Infrastructure grant application declined

By Michael-Allan Marion, Brantford Expositor

SCOTLAND - Brant County council and the head of a community group seeking to expand the natural gas line network out of the village of Scotland are disappointed that a provincial ministry has turned down an application for a grant that would make the project feasible.

But they say aren't giving up. Instead, they will work on another approach to get the line built.

Brant County council agreed last May to a request from Frank Borghoff, the leader of a group of property owners on the outskirts of the village, to have Mayor Ron Eddy pen a letter to Union Gas, expressing its support for a proposal to get the utility company to apply to a natural gas grant program run by the Ministry of Infrastructure for funds to help with the construction of a line to go out from the village.

It would go from Simcoe Street, along Bishopsgate, Fairfield, Maple Grove and Thirteenth Concession roads.

In all, the line would pass by 31 properties on its 4.5-kilometre route. It would service homes, small businesses and farms.

Eddy received an unfavourable response letter this month, which was put in council's December meeting package.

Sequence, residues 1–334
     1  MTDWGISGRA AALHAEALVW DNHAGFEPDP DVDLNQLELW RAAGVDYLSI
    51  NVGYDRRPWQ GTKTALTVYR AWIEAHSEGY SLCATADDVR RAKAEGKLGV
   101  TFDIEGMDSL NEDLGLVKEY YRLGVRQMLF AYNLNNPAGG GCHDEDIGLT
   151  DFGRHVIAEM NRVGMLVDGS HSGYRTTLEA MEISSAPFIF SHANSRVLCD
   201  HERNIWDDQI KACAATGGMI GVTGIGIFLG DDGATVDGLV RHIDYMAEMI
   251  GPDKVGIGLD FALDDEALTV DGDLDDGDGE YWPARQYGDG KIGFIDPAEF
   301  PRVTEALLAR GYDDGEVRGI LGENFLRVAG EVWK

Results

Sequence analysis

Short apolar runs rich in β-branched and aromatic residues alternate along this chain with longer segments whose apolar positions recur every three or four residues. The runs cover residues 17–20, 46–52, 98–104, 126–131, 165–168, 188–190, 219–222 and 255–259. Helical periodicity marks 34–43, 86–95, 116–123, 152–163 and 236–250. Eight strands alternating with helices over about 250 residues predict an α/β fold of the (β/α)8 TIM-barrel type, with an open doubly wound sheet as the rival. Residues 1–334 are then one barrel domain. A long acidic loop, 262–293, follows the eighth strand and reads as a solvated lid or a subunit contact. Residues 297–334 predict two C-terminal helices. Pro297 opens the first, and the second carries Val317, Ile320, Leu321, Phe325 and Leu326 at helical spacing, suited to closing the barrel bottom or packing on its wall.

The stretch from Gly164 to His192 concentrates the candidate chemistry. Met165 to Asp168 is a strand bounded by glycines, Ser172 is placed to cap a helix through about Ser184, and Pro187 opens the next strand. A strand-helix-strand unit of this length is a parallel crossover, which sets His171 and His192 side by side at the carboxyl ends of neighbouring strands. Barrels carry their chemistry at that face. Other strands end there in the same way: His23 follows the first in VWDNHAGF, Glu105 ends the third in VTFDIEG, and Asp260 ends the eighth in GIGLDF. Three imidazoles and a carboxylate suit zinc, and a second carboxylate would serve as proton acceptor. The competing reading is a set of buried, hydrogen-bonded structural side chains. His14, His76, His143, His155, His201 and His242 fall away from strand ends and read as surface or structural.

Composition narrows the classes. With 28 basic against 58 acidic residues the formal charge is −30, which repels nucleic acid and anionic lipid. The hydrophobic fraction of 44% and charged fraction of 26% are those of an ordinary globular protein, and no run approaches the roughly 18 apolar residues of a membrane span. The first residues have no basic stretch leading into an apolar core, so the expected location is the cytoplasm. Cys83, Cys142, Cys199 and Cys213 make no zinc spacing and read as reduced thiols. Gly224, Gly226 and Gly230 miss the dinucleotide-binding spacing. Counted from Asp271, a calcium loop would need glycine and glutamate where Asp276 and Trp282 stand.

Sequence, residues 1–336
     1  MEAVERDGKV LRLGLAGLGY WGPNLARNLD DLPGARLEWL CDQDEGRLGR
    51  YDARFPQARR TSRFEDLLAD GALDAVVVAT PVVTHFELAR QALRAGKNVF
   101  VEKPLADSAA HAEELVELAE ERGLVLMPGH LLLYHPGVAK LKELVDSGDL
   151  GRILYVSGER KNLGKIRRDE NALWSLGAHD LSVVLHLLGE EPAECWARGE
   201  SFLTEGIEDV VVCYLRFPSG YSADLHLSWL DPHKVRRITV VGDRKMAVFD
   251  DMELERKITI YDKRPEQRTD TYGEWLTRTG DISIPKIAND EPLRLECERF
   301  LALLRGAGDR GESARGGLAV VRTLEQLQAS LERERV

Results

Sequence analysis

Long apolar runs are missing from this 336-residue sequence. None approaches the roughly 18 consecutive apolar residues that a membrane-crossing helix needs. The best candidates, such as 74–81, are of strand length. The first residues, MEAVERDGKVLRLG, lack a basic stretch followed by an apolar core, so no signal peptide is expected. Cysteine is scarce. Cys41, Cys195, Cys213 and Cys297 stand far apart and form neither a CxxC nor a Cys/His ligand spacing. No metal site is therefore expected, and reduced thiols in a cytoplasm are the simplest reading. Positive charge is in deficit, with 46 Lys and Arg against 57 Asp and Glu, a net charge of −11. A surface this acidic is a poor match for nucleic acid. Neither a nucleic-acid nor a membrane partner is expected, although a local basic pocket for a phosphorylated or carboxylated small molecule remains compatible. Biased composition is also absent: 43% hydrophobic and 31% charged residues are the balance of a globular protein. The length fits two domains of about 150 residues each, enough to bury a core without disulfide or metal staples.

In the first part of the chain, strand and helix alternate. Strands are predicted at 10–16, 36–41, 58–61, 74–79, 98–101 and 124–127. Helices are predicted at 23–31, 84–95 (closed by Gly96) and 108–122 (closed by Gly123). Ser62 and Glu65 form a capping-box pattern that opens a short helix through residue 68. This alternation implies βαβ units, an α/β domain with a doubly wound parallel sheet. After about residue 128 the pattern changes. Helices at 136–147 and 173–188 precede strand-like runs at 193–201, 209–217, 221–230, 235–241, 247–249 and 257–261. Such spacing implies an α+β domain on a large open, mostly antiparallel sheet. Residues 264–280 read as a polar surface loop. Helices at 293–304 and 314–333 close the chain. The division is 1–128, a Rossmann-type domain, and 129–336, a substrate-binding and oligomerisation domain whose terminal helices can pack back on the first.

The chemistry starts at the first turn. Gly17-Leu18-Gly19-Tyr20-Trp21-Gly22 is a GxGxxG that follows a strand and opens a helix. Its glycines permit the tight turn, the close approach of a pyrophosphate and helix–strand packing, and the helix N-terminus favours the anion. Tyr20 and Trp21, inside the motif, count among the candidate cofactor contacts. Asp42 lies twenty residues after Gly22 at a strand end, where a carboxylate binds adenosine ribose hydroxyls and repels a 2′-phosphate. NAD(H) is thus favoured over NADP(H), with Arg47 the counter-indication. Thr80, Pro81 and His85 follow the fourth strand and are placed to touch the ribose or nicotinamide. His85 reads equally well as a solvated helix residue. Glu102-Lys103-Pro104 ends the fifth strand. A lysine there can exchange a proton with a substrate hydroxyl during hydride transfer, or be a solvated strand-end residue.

"Unfortunately, the project you support was not among those selected for funding," wrote Elizabeth Doherty, director of the intergovernmental policy branch, which includes the infrastructure ministry.

"The intake was highly competitive. Applications representing over $500 million in proposed funding were received for the $100-million program. As a result, a number of projects could not be funded."

The letter was a "great disappointment" for Borghoff.

"We're surrounded by gas distributors and we're stuck in a pocket that has no gas lines," he said.

"This government doesn't support rural interests. This is just another example of it."

Borghoff said he is looking at an option of getting all the relevant property owners together to pay upfront for the line, which is estimated to cost $200,000 and find other programs to recover the cost.

The response also chagrined Coun. David Miller, whose ward includes the Scotland area.

"We're extremely disappointed," he said in an interview.

"Natural gas is the cheapest form of energy. It would make small rural businesses more competitive because often heating expenses are a major component of a business's overall production costs.

"We have to keep our ear to the ground for the next opportunity. Hopefully we won't be disappointed again."

The Ontario Federation of Agriculture and affiliated federations in Brant, Haldimand and Norfolk counties have maintained a lobbying campaign for the province to expand the natural gas network into rural areas for the past three years.

They say they intend to make a concerted pitch during the next provincial election in June.


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